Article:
Starring (the voices of): George Clooney, Meryl Streep, Bill Murray, Jason Schwartzman, Owen Wilson, Michael Gambon, Brian Cox, Willem Dafoe
Director: Wes Anderson
Writer(s): Wes Anderson, Noah Baumbach
Cinematography: Tristan Oliver
Original Score: Alexandre Desplat
Running Time: 87 Mins.
The film’s of Wes Anderson fall into that quiry category that transcend’s the boundaries of indie/mainstream film-making, he has a visual style as oblique as his scripts and it is fair to say his film’s certainly do not connect with everyone yet star enough big name talent to get him an audience. Like Spike Jonze and Michel Gondry he has crafted out a little niche in Hollywood where quirk has become a byword for success, both audience, critical and with enough box office clout to continue working within their own unique visions. True modern-day auteurs if you will.
So while on the surface it may seem a little odd that these men are tackling beloved children’s stories (Jonze long awaited Where The Wild Things Are will be out very soon) it is less unusual than it may seem when you really think about it, stories like Wild Things, and in the case of Anderson Fantastic Mr. Fox, are short stories spanning a very minimal number of pages yet with huge space for expansion to spin the story out at will and more importantly to realise the quirks of the quthor’s themselves on screen, the likes of which are limited to the page and your imagination.
This may well be the point of reading a book, the ability to visualise something in your own way, but surely material this ripe for realisation is best suited to minds who have a very clear strong visual sense whist respecting the author’s ideals, not someone who is simply going to play out the story step by flat step. So with this in mind the works of Roald Dahl really are the perfect stomping ground for visual masters, Henry Selick’s James and the Giant Peach being the best example to date. So it is no surprise to learn that a.) Fantastic Mr. Fox is of the same stop-motion style and b.) it really is, to use a cliche, “fantastic”.
Anderson’s whole body of work has revolved around the “family” aesthetic, addressing issues of broken family, missing parent’s, and sibling rivalry, and this is no exception, expanding on the classic tale of fox taking of the farmers, and making it a touching yet hilarious story. Regular Anderson collaberator’s are all present and correct, Wilson, Murray, Dafoe, but it is Clooney that is the film’s trump card, that he is American in a quintissentially British story makes no difference, for there is so much spark in his vocal performance, Streep is workable alongside him lending some warmth and as their son Ash, Anderson favourite Schwartman is great even if he is basically the foxy neurotic equivalent of himself.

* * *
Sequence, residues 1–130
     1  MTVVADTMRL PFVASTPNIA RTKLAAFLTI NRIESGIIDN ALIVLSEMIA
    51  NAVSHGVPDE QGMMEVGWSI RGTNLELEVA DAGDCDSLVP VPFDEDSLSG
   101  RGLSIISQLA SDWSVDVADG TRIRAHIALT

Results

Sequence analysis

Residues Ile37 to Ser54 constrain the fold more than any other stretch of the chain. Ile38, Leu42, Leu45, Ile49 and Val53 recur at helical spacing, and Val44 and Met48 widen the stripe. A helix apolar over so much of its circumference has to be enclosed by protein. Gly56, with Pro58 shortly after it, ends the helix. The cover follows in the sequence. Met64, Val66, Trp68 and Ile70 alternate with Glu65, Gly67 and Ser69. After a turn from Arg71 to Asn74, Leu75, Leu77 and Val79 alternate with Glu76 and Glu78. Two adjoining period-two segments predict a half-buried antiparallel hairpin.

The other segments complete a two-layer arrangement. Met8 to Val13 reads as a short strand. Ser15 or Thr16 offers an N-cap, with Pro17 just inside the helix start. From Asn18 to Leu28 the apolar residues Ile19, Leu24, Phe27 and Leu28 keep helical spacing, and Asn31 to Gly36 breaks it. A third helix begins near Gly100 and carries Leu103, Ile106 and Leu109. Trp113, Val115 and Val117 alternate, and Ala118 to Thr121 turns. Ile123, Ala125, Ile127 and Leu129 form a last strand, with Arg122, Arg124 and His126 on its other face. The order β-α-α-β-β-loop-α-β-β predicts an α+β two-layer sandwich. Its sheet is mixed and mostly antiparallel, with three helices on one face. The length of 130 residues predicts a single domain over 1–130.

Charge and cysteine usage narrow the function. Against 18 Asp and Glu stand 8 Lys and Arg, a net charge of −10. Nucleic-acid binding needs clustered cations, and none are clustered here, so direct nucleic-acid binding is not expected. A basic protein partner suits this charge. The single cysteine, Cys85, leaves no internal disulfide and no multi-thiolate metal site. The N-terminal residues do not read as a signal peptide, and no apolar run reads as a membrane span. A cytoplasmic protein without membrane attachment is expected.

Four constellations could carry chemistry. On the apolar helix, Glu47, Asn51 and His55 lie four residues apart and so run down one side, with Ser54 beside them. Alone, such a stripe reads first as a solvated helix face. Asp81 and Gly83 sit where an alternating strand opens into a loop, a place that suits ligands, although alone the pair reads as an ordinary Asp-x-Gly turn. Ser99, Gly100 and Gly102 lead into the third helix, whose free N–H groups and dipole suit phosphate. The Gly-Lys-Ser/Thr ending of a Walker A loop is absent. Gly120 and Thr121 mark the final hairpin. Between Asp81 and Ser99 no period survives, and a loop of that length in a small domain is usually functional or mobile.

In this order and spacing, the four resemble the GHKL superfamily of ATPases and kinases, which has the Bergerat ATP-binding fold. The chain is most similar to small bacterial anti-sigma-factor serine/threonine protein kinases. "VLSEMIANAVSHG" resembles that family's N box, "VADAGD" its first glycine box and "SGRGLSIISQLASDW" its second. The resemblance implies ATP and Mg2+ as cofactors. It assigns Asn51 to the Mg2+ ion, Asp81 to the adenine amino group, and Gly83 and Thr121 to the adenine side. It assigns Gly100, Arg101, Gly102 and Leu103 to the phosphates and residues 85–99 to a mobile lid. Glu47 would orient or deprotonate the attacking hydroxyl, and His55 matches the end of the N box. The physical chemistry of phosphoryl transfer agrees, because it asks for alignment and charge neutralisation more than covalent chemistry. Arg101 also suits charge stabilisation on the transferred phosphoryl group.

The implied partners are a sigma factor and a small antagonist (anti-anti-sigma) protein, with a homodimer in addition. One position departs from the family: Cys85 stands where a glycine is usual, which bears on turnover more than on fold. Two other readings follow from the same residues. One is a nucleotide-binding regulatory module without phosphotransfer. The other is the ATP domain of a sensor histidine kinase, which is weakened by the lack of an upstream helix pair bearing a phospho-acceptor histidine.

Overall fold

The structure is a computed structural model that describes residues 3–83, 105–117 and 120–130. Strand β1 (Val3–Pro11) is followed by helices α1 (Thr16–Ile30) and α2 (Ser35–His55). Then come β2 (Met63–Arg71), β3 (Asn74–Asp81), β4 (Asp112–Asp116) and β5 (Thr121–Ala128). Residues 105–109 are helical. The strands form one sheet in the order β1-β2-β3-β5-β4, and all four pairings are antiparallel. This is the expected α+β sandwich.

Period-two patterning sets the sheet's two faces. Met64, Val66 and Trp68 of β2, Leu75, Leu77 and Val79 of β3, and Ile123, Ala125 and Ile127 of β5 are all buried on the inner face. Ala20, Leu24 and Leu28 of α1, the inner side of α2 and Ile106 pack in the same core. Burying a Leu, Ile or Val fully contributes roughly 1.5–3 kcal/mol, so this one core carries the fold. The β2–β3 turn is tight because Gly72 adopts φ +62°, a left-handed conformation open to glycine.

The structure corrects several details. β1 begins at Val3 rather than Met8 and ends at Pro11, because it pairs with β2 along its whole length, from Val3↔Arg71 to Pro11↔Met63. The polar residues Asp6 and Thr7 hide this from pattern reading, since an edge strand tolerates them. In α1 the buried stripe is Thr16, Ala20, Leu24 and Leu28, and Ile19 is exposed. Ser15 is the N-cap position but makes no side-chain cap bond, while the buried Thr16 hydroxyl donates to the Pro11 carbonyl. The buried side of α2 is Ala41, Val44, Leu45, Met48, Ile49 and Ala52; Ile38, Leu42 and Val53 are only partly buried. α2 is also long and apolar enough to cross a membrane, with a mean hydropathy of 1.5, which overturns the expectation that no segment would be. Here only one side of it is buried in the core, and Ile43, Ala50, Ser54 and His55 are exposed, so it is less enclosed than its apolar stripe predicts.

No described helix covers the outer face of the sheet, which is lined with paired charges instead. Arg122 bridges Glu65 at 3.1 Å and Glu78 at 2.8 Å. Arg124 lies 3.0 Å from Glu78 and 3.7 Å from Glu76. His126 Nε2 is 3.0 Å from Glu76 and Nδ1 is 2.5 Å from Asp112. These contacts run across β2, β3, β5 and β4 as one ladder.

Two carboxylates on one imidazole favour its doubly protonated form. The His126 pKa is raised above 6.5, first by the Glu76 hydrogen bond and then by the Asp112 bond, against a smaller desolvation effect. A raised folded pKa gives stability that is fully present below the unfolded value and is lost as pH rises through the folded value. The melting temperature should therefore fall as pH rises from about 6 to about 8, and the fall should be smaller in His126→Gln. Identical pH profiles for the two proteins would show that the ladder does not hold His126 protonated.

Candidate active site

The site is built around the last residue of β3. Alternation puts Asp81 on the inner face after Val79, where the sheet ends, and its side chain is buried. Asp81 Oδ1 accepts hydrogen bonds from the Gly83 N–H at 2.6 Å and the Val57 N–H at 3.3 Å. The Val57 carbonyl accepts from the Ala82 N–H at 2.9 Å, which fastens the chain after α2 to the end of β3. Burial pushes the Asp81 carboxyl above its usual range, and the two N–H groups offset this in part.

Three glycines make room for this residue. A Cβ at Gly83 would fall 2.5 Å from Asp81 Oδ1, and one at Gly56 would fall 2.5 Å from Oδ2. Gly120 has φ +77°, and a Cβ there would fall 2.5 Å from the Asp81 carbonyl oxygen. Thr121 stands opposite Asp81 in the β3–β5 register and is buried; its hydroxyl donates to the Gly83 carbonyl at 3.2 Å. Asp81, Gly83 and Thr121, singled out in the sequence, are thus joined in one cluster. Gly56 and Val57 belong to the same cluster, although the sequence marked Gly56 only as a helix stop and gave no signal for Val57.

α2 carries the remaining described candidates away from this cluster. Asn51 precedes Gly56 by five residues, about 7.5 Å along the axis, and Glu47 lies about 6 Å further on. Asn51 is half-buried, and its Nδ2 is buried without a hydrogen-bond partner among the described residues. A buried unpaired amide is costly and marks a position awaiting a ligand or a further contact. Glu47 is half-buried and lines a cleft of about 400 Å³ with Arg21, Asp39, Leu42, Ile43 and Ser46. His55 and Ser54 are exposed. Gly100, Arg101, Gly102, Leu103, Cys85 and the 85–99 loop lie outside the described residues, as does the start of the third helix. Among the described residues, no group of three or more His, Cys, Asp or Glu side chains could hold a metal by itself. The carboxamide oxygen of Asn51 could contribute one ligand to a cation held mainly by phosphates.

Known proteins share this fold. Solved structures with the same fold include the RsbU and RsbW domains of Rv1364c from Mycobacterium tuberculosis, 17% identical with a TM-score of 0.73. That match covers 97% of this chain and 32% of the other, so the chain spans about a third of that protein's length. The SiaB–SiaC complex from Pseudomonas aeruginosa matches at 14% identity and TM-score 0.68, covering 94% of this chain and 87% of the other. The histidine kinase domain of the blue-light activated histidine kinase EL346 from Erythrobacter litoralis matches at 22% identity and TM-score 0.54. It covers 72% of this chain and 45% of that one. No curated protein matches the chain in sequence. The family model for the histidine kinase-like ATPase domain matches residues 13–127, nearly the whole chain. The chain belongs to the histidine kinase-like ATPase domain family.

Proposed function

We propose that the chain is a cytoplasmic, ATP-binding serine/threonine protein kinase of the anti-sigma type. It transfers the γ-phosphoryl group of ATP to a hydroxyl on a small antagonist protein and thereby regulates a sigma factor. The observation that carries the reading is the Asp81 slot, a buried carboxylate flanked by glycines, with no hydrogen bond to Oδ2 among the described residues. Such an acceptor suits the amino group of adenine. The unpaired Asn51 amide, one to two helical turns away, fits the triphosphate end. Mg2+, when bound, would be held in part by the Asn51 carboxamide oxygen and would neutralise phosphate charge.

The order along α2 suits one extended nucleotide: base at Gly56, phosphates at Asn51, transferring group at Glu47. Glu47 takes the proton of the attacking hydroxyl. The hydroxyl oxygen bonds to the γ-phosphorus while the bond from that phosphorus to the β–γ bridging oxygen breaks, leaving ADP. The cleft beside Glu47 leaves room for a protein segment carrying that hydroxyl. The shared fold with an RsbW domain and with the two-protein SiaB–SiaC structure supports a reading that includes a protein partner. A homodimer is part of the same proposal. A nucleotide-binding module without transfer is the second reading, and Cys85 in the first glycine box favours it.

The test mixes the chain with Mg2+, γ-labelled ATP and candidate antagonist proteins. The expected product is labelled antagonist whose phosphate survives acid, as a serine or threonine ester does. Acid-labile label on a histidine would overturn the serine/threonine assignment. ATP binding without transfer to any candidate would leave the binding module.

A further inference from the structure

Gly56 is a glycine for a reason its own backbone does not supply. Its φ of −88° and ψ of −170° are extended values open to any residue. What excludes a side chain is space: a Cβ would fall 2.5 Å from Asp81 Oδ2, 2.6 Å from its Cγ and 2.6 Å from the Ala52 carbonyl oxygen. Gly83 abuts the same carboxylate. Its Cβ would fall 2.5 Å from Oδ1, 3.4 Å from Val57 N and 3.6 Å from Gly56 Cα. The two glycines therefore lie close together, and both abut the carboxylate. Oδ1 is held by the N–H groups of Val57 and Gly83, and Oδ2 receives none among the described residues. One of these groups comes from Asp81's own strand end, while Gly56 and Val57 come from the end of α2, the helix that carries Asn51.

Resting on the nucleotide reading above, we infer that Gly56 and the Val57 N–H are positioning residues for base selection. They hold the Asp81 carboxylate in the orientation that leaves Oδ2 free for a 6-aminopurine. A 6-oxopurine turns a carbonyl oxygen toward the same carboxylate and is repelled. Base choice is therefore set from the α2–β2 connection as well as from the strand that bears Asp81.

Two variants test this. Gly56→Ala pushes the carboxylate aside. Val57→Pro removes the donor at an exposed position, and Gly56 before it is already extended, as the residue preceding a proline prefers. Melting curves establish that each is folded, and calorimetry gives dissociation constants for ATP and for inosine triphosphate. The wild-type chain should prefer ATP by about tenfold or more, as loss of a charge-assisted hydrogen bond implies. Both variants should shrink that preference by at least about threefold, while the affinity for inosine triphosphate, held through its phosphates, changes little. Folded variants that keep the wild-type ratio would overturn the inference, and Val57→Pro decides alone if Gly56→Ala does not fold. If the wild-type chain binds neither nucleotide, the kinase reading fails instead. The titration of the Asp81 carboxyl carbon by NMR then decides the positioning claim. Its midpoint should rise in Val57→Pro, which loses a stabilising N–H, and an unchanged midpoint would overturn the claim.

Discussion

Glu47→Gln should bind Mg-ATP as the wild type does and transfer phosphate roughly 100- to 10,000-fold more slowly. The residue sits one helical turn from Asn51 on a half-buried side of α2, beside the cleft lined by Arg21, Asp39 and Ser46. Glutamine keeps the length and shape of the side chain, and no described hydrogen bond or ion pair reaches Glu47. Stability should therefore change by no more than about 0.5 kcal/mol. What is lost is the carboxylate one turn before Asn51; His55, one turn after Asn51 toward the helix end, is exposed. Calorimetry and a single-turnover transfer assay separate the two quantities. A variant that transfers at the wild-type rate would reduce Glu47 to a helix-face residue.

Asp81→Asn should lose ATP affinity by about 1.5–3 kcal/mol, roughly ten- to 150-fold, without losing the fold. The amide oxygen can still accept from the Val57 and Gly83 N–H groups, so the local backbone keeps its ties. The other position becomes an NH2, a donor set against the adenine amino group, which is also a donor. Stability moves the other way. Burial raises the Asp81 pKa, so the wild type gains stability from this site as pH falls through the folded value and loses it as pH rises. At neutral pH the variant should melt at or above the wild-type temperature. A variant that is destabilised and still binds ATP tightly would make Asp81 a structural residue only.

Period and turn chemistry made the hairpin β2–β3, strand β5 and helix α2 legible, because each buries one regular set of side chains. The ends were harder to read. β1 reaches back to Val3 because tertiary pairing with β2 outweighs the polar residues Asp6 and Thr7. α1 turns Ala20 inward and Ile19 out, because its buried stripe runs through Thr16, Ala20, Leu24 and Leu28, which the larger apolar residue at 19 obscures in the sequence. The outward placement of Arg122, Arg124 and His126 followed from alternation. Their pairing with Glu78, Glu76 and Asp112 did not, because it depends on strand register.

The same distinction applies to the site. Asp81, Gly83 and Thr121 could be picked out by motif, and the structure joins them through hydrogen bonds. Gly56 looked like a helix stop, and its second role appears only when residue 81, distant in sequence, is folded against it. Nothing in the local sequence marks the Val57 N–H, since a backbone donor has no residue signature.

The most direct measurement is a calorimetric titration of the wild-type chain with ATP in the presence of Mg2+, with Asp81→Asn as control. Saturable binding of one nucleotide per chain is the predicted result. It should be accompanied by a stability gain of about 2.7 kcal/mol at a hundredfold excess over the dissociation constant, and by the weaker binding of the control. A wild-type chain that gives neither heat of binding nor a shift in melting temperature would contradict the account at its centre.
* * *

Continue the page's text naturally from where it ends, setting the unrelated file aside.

In choosing to make the film in stop motion simply means that the director’s style can be applied so wildly, in showing many scnes from afar and with such originality. I feel almost ashamed at my initial response to the almost amateur look that was first seen in the trailers, it’s not that this look is fundamentally any different on the big screen, just that in the sphere of the world that is crafted overall it feels pitch perfect. There is more character in the twitch of Mr. Fox’s ears than in any number of CGI films.
In coupling this with the very witty script that does not pander to children (i.e. Ice Age) yet retains enough quirkiness to sit in the realms of keeping children hooked, as it should do given Fantasic Mr. Fox IS a childrens book. Credit must go to Baumbach and Anderson for retaining the quirks of the story so well, the puppetry of Boggis, Bunce and Bean is so great and while they are very very funny, Bean in particular oozes menace (helped no end by Michael Gambon’s dulcit tones). Some of the flourishes adopted in combining “set pieces” with fabulous character work make this a strong contender for animated film of the year alongside Pixar’s Up, yes I have to admit it really is THAT good.
Fantastic Mr. Fox truly is “fantastic”, in that Anderson’s take on the Dahl classic retains the book’s spirit, yet spins out the story as a typical study of family, but what really takes the film somewhere special is in its quite frankly hilarious script and the thoroughly perfect realisation of the story through unique and almost retro looking stop motion.